In my article archive, I found a blog post by Steve Keifer of OpenText | GXS from a few years back entitled The End Of Mapping (In B2B Integration). Mr. Keifer states that maps are the most costly and most important part of a B2B Integration project. He goes on to say that with all the artificial intelligence technology that already exists, we should be able to eliminate traditional maps and automatically map data based on intelligence and historical data.
For example, a data element named FirstName in one format would automatically be mapped to first_name in another format. Assuming data quality, this would be obvious. What about a data element named PersonGivenName? This too would get mapped to first_name, but it isn't quite as obvious. Over time, the mapping application would learn to map PersonGivenName to first_name.
Since the blog post was about a year and half ago, I did a little research to see if any progress has been made to create artificial intelligence based mapping. I was unable to find anything quite to the extent discussed in the blog post, but there has been some movement towards making the mapping process less time consuming. In an effort to make mapping consistent and modularized, a few data mapping software developers have added the capability to create mapping components or pieces. These pieces are common rules or coding that can be referenced and used over and over again. Another advancement is creating a map based on the document structure and sample data. This would give you a "draft" map that you could refine, thus saving some of the initial mapping time.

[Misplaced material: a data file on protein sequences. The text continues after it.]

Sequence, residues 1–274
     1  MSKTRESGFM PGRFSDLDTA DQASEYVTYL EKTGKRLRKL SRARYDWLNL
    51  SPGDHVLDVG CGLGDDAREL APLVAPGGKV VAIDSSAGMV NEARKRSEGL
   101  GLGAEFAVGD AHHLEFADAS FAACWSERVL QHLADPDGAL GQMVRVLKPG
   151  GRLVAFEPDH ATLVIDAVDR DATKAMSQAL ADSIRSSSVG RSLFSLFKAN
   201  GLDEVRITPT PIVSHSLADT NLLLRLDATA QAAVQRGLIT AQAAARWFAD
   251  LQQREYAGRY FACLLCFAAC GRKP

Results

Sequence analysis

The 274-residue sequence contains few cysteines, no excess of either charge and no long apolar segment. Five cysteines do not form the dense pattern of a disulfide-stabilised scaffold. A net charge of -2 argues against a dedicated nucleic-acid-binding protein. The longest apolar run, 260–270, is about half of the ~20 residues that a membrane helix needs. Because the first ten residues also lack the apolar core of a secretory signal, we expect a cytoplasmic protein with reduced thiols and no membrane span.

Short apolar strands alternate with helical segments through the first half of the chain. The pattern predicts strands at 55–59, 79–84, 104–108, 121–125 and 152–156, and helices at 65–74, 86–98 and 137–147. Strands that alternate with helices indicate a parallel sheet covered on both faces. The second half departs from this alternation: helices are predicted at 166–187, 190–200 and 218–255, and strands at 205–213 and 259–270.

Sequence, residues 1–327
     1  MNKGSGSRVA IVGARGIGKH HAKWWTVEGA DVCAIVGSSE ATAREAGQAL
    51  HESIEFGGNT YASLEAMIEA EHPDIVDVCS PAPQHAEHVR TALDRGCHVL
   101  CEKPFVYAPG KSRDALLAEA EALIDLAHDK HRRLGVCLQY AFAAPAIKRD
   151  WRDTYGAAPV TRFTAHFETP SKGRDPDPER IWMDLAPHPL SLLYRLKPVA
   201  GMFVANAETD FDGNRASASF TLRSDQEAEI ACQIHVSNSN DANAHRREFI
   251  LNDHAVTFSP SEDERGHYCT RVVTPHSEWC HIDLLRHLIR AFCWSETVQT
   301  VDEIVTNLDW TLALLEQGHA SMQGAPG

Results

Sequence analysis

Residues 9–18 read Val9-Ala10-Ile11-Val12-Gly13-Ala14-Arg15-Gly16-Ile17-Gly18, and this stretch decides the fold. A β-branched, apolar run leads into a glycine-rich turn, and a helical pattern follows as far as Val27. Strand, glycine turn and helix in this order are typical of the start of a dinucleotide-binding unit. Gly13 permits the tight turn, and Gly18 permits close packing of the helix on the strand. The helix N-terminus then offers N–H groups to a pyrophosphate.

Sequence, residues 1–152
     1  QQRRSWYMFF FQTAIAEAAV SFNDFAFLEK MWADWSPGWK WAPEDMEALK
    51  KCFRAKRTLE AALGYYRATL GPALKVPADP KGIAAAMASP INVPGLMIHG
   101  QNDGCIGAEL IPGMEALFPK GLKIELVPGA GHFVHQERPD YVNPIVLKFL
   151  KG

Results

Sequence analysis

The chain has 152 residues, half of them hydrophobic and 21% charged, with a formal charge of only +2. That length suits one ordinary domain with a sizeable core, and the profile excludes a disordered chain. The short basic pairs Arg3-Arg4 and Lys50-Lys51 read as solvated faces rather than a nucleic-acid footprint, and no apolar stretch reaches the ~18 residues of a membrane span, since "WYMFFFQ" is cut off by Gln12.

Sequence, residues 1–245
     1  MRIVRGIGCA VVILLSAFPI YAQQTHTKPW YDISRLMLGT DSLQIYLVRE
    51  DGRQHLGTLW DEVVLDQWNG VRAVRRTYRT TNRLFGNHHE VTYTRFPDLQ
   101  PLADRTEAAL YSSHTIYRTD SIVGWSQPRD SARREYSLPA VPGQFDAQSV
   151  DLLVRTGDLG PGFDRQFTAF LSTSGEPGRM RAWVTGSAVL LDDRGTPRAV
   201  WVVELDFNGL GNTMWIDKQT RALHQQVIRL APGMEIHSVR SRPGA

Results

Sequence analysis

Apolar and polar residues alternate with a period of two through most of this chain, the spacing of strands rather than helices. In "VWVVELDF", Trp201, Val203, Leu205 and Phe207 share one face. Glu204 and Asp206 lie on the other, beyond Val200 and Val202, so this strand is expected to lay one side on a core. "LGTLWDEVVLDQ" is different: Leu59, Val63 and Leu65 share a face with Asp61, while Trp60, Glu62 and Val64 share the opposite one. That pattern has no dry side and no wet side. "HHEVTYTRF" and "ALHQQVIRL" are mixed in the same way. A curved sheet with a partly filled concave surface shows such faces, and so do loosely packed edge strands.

Although it is not the end of data mapping, we've certainly come a long way since I first mapped in 1989.